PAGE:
These numbers are just a few of the reasons we should advocate for agriculture. Now what is advocating for agriculture? Well it might be easier to explain what it is not.

Agvocating is Not:

It is not bashing organic, conventional or even vegetarianism. It is not telling people they are stupid because they do not understand or agree with you. It is not just blindly sharing articles and statuses without reading or responding. It is not you marketing your farm, ranch or brand.

Agvocating Is:

Being open with your friends and followers about what is happening on your farm. Being willing and ready to answer questions about hot topic
issues (like subway’s antibiotic free statement). Being aware of what is being said about the industry and explaining why you do what you do. Untitled copy

How to Advocate for Agriculture:

A picture is worth a thousand words. Pictures better illustrate the truth of what is happening on your farm. A picture inside your hog barn, showing the cleanliness. A video of you moving cattle to show that it’s done humanely. Share a status about why antibiotics are used on your farm. Allow people to get involved in your everyday practices. I’ve seen farms ask people to name calves through social media, people love that because they feel important and valued in the process. Invite people to your farm, be willing to be transparent and honest.

“If you care about ag being accurately represented, know that we need every voice in the conversation.”

The most important part of advocating is like Nike says, to just do it. There are lots of anti-agriculture groups out there that are bashing agriculture. We need to start standing up for ourselves.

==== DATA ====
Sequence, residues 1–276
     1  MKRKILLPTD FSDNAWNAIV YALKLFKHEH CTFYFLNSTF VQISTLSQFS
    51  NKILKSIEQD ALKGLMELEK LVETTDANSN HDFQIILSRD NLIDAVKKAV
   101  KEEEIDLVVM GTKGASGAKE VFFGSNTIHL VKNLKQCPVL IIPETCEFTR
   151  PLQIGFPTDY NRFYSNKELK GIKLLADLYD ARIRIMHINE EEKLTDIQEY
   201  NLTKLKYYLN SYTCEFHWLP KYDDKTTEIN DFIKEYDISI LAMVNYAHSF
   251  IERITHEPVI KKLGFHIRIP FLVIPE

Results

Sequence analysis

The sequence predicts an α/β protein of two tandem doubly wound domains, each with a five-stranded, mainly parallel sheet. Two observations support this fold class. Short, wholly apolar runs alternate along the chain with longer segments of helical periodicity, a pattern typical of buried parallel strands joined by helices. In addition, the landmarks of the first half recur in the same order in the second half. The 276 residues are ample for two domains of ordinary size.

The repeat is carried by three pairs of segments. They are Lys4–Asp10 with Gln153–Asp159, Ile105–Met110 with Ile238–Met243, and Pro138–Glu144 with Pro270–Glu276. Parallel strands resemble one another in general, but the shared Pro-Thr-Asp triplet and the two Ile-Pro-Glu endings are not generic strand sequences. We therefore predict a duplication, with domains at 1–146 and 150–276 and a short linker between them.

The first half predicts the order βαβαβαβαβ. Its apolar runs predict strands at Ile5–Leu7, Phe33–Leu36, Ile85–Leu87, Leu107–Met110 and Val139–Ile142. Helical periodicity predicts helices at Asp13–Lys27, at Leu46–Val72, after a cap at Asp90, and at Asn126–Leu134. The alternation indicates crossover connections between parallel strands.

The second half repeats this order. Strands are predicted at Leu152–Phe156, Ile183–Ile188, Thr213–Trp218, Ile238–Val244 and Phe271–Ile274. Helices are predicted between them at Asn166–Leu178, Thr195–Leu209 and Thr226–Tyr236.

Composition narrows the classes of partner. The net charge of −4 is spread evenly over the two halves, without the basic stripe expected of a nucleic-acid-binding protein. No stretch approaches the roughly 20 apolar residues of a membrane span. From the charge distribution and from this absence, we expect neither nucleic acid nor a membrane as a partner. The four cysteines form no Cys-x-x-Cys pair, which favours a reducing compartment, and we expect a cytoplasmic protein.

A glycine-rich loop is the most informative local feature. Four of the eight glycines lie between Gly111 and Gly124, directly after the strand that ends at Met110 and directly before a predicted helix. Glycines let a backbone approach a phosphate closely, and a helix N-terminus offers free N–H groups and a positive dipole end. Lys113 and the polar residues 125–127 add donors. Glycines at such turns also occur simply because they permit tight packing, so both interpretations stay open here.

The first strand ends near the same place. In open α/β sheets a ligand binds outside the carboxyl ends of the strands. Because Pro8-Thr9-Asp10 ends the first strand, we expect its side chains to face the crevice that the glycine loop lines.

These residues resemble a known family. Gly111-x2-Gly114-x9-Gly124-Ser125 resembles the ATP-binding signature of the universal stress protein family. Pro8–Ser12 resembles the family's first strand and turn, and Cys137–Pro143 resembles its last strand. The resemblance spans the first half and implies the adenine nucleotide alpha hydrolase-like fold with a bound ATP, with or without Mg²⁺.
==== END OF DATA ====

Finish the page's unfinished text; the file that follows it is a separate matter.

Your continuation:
The next most important part of advocating is to not bash other farmers or non-farmers, we have plenty of others doing that for us. People are curious about where their food is coming from, be willing to intelligently, honestly and transparently answer their questions. Join the conversation and share the truth about the agriculture industry.

The Truth about Grass vs. Grain Fed Beef

First a disclaimer: A lot of people say grass or grain fed beef, but that does not mean that the cow was fed grain its entire life. Most cattle live off grass for the majority of their life and then switch to grain once in the feed lot. We’ll get to the specifics of how that happens later.

As consumers, we are all worried about what we eat and the health benefits/risks associated with that. One of these worries is surrounding grass-fed vs grain-fed cattle, whether it be health concerns or animal welfare concerns.

The Grain-Finished Life Cycle

All cattle start out living similar lives; they are born, drink milk from their mothers and then eat grass after being weaned. This continues for about 6-12 months, after that, grain-finished cattle are moved to feedlots.

Feedlot penFeedlots are depicted as horrible, disgusting and cramped places (but that’s a topic for another blog post).
There is actually more room in feedlot pens than most people think. At feedlots the cattle are rapidly fattened up with grain, usually made with corn or soy. When the cattle are first brought to the feed lot they are given feed with high forage/silage content and low grain content to help their bodies adjust to the new diet. The grain portion of the diet steadily increases until the cattle are primarily eating grain. This process occurs over a 3-6 month period. If you are curious about finding out more about feedlots before my next post visit this site.

The Grass-Finished Lifecycle

Just like grain-finished cattle grass-finished cattle spend the first ~12 months of their lives in the same way. The only difference is that instead of being sent off to a feedlot they are “finished” or “grown out” in a grass pasture. This means that they eat grass for the remainder of their life, until slaughter. This entire process can take upwards of a year and a lot of land.

Nutritional Differences